Forum for Science, Industry and Business

Sponsored by:     3M 
Search our Site:


Biosensor reveals new information about suspected cause of Alzheimer’s disease


Chemists and biologists at Northwestern University have found a way to detect and estimate the size and structure of a miniscule toxic protein suspected of triggering Alzheimer’s disease. The findings, researchers say, could help scientists better understand the underlying mechanisms of the disease and lead to the development of new treatments that could slow or possibly arrest its progression.

The findings also could potentially be used to diagnose Alzheimer’s disease in living people instead of during an autopsy, says Amanda J. Haes, Ph.D., a co-author of the study. At present, Alzheimer’s can only be accurately diagnosed after death.

Haes, a National Research Council postdoctoral researcher at the Naval Research Laboratory in Washington, conducted this work while she was a graduate student at Northwestern under the direction of Richard Van Duyne. The findings were presented today at the 230th national meeting of the American Chemical Society, the world’s largest scientific society.

Haes, in cooperation with Van Duyne, Northwestern professor William Klein and research associate Lei Chang developed a method to detect small harmful proteins in cerebrospinal fluid using nanoscale optical biosensors. The proteins, known as ADDLs (amyloid ?-derived diffusible ligands) are so small that they can’t be detected by conventional diagnostic tests. They are usually less than 5 nanometers wide and are found in extremely low concentrations.

Discovered by Klein in 1998, ADDLs accumulate in the brain tissue of individuals with Alzheimer’s disease at levels up to 70 times higher than found in people who don’t have the disease. Many researchers now suspect that ADDLs cause some of the earliest symptoms of Alzheimer’s disease. ADDLs, they theorize, attack and disrupt synapses, the sites on nerve cells that are critical for memory formation and information processing. ADDLs tend to stick together, and some researchers suspect that as they aggregate, they’re more apt to damage neurons.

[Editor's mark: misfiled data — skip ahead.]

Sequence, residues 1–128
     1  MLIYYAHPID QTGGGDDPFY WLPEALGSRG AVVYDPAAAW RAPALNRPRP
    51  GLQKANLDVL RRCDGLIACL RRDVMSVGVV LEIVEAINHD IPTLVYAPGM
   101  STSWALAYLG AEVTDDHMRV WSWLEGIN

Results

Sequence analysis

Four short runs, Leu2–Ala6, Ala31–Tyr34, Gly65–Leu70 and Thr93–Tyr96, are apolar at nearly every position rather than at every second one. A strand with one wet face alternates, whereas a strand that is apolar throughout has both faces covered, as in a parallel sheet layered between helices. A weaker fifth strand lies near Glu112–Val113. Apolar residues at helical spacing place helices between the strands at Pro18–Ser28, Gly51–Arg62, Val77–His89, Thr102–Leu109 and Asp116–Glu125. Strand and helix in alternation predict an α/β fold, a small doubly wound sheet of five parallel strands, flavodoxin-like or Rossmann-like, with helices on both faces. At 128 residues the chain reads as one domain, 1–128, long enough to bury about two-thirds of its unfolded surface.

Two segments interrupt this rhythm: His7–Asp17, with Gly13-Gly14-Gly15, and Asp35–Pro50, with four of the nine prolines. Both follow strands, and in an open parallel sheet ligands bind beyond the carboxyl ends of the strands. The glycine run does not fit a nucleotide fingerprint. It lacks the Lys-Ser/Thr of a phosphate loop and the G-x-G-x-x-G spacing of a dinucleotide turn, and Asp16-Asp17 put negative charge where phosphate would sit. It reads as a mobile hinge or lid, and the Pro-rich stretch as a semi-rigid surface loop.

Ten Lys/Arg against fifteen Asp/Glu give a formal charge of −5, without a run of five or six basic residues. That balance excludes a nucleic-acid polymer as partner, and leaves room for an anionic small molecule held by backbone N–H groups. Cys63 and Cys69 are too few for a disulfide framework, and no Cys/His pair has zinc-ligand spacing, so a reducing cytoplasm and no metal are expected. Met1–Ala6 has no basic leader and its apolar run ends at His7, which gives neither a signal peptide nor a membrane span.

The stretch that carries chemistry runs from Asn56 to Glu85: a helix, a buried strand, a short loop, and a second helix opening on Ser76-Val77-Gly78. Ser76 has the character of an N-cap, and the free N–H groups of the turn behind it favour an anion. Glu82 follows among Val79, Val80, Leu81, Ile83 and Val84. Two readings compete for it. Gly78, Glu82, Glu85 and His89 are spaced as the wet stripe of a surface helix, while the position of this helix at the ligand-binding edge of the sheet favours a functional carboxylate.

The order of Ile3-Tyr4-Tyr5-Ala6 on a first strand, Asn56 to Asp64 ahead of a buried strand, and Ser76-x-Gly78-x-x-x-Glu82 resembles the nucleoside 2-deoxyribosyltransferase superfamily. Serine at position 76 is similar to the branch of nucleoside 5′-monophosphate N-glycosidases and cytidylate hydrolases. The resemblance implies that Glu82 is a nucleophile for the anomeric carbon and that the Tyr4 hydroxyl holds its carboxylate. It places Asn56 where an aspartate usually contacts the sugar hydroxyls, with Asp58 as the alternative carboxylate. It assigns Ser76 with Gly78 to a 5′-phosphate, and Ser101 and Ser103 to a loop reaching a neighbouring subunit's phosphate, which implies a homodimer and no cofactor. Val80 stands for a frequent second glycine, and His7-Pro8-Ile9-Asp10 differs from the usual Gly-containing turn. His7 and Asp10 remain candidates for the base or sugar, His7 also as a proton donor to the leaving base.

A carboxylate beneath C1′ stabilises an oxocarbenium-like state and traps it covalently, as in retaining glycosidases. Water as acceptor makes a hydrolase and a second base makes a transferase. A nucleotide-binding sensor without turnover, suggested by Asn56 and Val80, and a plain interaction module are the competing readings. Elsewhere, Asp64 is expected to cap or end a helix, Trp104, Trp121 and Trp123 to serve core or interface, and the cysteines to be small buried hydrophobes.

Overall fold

"It’s becoming more evident that the size of â-amyloid (ADDL) molecules matters — that only ADDLs of a certain size cause problems for neurons in the early stages of Alzheimer’s disease," Haes says. "These nanoscale biosensors may one day allow us to determine, based on size, if an individual has ADDLs that will affect his or her cognitive function. However, there are still many hurdles that must be overcome before we can use it as a diagnostic tool."

The biosensors developed by the Northwestern team are based on tiny, triangular silver particles that absorb and scatter light. On the outside surfaces of nanoparticles is a layer of ADDL-specific antibodies. These antibodies bind specifically to any ADDL molecules found in cerebrospinal fluid. When this happens, the color of the silver nanoparticles shifts slightly. The researchers detected these color shifts using a specialized light detector called ultraviolet-visible spectrometer. In a small sample pool, comparing cerebrospinal fluid extracted from two people diagnosed with Alzheimer’s disease and two people who weren’t, Haes found that ADDL levels were elevated in the diseased patient samples in comparison to control patient samples.

Alzheimer’s disease is an irreversible disorder of the brain, robbing those who have it of memory, overall mental and physical function, and eventually leading to death. It is the most common cause of dementia among people over age 65, affecting an estimated 4.5 million Americans, according to the National Institute on Aging.